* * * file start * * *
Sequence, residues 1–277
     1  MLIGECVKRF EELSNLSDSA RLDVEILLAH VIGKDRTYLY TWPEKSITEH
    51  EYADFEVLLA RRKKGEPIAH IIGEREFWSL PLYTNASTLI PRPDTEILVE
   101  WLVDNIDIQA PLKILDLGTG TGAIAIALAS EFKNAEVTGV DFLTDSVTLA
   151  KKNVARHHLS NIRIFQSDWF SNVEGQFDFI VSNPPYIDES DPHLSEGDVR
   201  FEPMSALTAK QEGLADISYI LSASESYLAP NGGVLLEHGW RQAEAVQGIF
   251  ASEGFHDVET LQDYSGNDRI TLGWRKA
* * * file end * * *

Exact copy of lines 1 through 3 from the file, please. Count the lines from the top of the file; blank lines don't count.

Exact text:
Sequence, residues 1–277
     1  MLIGECVKRF EELSNLSDSA RLDVEILLAH VIGKDRTYLY TWPEKSITEH
    51  EYADFEVLLA RRKKGEPIAH IIGEREFWSL PLYTNASTLI PRPDTEILVE